My Bride was flabbergasted, but not for the reason you’d think.

She wasn’t disappointed in my harsh tone and my executive decision to cancel our Christmas plans with them. She was pretty pissed off about the ridiculous response from my father, too. But there was something else she had a hard time believing.

She’d never had a spouse/significant other ever step up on her behalf versus their immediate family.

I was taken aback by this revelation. NEVER?

Knowing what I knew of family members, I figured that somebody had to have wronged her prior to my father. Certainly, a mother-in-law, father-in-law, sister, brother, cousin, aunt, or uncle had to have said some crazy shit to or about her in the 42 years she’d been on Planet Earth.

Turns out, a number of them had. But she’d never been with a man who ever took her side over his immediate or extended family. She loved that I defended her. She appreciated being loved that much by her person.

So I proposed on the spot, right then. She happily accepted.

I just don’t understand that, though. Not defending the person you love. Especially if it’s someone that you’ve been with for years, that you’re married to, or whatever other reason you need to motivate you to grow a pair and tell someone that they’re being a fucker.

That feeling I get when someone treats the person I love in an unfair, shitty way. Image by SAFA TUNCEL from Pixabay

I always joke about my Italian and Irish blood. I have a temper that can go from 0 to 60 in 2.8 seconds for the right reasons. I’m reserved, kind, and patient in 99.9% of daily scenarios.

But that 0.01% can be a motherfucker.

You’ll never have to see that if you’re a decent, kind, polite human being. Even if you teeter precariously on the edge of good or bad manners, I tend to give the benefit of the doubt to almost everyone. But you don’t want to see that bad side, especially if you overstep against my Bride.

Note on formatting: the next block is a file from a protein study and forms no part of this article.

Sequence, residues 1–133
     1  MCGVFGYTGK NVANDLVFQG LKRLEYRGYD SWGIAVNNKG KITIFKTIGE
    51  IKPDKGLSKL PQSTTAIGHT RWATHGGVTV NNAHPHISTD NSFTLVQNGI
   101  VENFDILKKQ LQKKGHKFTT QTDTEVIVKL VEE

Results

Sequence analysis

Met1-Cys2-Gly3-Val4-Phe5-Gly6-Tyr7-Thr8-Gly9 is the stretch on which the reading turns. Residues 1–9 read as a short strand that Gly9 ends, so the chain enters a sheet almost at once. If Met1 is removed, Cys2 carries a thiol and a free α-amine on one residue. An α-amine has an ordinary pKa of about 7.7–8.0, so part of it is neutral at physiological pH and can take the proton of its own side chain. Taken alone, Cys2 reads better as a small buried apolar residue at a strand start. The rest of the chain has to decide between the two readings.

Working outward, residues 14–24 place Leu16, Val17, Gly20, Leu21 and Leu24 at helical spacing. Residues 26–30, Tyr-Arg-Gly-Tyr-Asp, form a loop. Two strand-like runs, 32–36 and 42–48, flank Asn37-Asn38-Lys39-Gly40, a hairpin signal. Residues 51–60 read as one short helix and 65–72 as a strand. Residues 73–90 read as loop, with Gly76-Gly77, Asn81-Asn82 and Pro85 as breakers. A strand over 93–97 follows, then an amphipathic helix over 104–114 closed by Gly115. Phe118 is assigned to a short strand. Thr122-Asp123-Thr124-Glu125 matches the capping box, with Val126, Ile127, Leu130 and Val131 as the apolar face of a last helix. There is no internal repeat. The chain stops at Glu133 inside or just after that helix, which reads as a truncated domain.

In this regard, I was so blown away when she told me she’d never had a man she was with come to her defense. Especially being she’s one of the kindest, most-accepting, funny humans I’ve ever met. It’s not like she’s some asshole that everyone takes issue with because of rude behavior on her part.

She mentioned that her two long-term exes she had were spineless when it came to dealing with family members who were insulting, racist, and bigoted. One set of in-laws in particular. Emphasis on “exes”.

When you don’t elevate and defend the person you’re with, the relationship is doomed to fail. You’re not doing right by them and not living up to your wedding vows. Your husband, wife, or significant other should always be your #1. Especially when the family member in question has wronged them.

Make your person the top priority in your life. Or ask yourself why you’re unwilling to do this around your family members who are in the wrong.

Just because they hold a certain title of parent, sibling, or some other family relation, that doesn’t allow them to disrespect the person that you love. &:^)

parentsmarriedimmediate familyextended familydiydivorcedadvice

About the Creator

Jason Provencio

76x Top Writer on Medium. I love blogging about family, politics, relationships, humor, and writing. Read my blog here! &:^)